Today, U.S. Senator Richard Blumenthal (D-Conn.) lauded a new Obama Administration executive order to combat human trafficking in government contracting, and urged additional action to crack down on abuses with criminal penalties and other strong enforcement tools.
The executive order is similar to legislation introduced by Blumenthal that requires overseas contractors to implement plans to counter human trafficking. Like the Blumenthal bill, it also enforces a ban on trafficking by prohibiting:
Misleading employees about living conditions and housing
Charging employees recruitment fees
Denying access by an employee to their identity documents such as passports or drivers' license
Failing to pay return transportation costs for employees to return home
The executive order requires contractors to maintain a compliance plan that includes:
An employee awareness program
Actions that will be taken against human traffickers
A process to report evidence of human trafficking
Like the Blumenthal bill, contractors must certify that they are in compliance with the plan and the Inspector General must investigate any reports from an Agency's contracting officers of human trafficking.
Blumenthal said, "President Obama's initiative is a strong step toward establishing a zero tolerance policy for human trafficking in government contracting. This executive order stops government contractors from using workers who are brought from other countries surreptitiously or illegally -- and who may be exploited by imposing substandard wages and working conditions, sexual exploitation, or other abuses. Since it is only an executive order, there is still a clear need for comprehensive legislation to impose criminal penalties and other tough enforcement tools that can end trafficking at home and abroad."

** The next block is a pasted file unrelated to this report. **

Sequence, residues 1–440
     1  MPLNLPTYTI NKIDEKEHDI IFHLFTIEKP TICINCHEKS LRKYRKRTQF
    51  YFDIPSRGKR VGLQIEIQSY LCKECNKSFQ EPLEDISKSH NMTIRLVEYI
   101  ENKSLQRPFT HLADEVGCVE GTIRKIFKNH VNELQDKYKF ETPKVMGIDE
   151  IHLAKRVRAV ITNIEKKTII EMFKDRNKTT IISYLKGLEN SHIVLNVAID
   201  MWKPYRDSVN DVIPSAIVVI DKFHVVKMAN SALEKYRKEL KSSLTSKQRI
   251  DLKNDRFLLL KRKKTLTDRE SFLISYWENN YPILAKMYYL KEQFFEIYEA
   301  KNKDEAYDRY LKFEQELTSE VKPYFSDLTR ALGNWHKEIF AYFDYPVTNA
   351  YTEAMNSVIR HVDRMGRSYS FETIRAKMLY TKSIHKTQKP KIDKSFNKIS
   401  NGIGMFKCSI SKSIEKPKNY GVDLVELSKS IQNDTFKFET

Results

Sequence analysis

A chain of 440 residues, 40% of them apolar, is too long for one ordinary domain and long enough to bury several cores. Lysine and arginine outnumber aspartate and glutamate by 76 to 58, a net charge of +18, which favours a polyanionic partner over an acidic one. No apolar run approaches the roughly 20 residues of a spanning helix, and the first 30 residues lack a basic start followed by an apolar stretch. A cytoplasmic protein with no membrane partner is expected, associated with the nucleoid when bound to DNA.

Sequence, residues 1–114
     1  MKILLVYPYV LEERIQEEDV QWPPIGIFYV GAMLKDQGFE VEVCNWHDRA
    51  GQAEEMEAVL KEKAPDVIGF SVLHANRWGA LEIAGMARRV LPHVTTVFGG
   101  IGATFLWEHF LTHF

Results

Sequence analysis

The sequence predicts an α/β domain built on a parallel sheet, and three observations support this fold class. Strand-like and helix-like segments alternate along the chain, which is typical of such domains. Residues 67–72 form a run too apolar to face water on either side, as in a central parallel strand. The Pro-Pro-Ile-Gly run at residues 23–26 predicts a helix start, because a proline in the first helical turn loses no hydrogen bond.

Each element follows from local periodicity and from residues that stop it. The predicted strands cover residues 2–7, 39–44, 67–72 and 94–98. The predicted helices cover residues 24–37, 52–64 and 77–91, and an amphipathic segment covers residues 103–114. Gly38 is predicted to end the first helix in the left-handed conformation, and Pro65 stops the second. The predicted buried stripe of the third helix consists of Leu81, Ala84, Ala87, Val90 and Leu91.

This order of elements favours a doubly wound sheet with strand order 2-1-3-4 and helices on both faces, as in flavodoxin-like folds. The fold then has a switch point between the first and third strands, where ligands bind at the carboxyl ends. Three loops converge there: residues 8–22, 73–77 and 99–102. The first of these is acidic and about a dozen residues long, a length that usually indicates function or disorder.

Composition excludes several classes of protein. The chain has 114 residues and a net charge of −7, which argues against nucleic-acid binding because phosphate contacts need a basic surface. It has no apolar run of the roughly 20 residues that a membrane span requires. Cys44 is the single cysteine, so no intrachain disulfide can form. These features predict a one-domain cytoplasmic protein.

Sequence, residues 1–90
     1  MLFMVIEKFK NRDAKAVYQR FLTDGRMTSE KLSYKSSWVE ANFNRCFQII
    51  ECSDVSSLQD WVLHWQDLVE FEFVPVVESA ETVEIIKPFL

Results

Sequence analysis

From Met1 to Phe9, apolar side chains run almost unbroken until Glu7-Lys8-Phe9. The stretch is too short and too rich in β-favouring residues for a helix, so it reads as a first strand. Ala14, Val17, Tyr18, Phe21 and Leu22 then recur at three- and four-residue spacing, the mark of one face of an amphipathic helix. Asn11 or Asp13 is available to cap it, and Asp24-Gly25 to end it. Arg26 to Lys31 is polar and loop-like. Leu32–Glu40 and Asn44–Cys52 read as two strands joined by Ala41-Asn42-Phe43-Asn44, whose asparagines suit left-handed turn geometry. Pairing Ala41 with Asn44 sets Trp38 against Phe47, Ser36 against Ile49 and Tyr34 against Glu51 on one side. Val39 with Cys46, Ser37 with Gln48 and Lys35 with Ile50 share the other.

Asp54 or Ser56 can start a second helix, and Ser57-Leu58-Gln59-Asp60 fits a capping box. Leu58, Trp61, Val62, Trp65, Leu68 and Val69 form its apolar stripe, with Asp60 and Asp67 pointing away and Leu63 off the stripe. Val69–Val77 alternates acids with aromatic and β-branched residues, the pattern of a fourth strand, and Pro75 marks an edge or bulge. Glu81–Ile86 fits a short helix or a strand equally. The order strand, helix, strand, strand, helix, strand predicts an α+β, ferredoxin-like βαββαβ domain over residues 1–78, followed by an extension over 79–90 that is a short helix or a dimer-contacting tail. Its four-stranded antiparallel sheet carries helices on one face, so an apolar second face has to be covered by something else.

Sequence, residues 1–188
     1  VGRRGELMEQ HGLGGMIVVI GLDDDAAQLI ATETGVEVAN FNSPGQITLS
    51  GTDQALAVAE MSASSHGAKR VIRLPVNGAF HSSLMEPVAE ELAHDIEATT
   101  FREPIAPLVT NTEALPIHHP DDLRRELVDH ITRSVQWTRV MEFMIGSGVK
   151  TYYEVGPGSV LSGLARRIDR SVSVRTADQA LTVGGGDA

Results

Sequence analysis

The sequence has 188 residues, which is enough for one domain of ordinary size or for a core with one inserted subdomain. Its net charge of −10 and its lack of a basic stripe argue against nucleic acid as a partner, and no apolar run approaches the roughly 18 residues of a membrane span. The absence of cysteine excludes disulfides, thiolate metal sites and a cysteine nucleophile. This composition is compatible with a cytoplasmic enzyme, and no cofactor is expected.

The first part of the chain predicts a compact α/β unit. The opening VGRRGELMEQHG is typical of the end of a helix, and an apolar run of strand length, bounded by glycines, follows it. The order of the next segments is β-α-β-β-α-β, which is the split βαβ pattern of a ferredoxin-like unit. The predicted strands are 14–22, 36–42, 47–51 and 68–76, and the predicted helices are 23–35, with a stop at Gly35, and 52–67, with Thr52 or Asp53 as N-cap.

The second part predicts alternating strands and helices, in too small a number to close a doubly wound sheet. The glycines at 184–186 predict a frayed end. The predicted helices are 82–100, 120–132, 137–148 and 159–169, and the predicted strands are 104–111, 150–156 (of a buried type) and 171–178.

"This executive order reaffirms the need for Congress to enact a comprehensive bill to end trafficking in government contracting at home and abroad. Human trafficking is an unconscionable and intolerable human rights violation that perpetuates violence against women and children," Blumenthal continued. "That is why I have introduced The End Trafficking in Government Contracting Act that specifically codified a criminal act for human trafficking in our federal work abroad and requires the inspector general to investigate when indications of trafficking are uncovered. Current law prohibiting human trafficking is insufficient and ineffective and needs to be strengthened, and we must continue to work tirelessly in Congress to end this scourge. While this order is a bold and courageous step, I will continue to fight for even stronger enforcement tools, such as harsh new criminal penalties, that will help ensure compliance by contractors working abroad."
"Again it is Connecticut's own Senator Blumenthal who has shown leadership on the issue of human trafficking. Human trafficking has not gone away and the more global our society becomes the more we see these infringements on human rights, most often happening to women and children," said Teresa Younger, the Executive Director of the Permanent Commission on the Status of Women. "We applaud President Obama in the implementation of his executive order, but we know that is not enough. State laws and executive orders will not replace federal legislation and we support Senator Blumenthal's steadfast commitment and leadership on the End Trafficking in Government Contracting Act."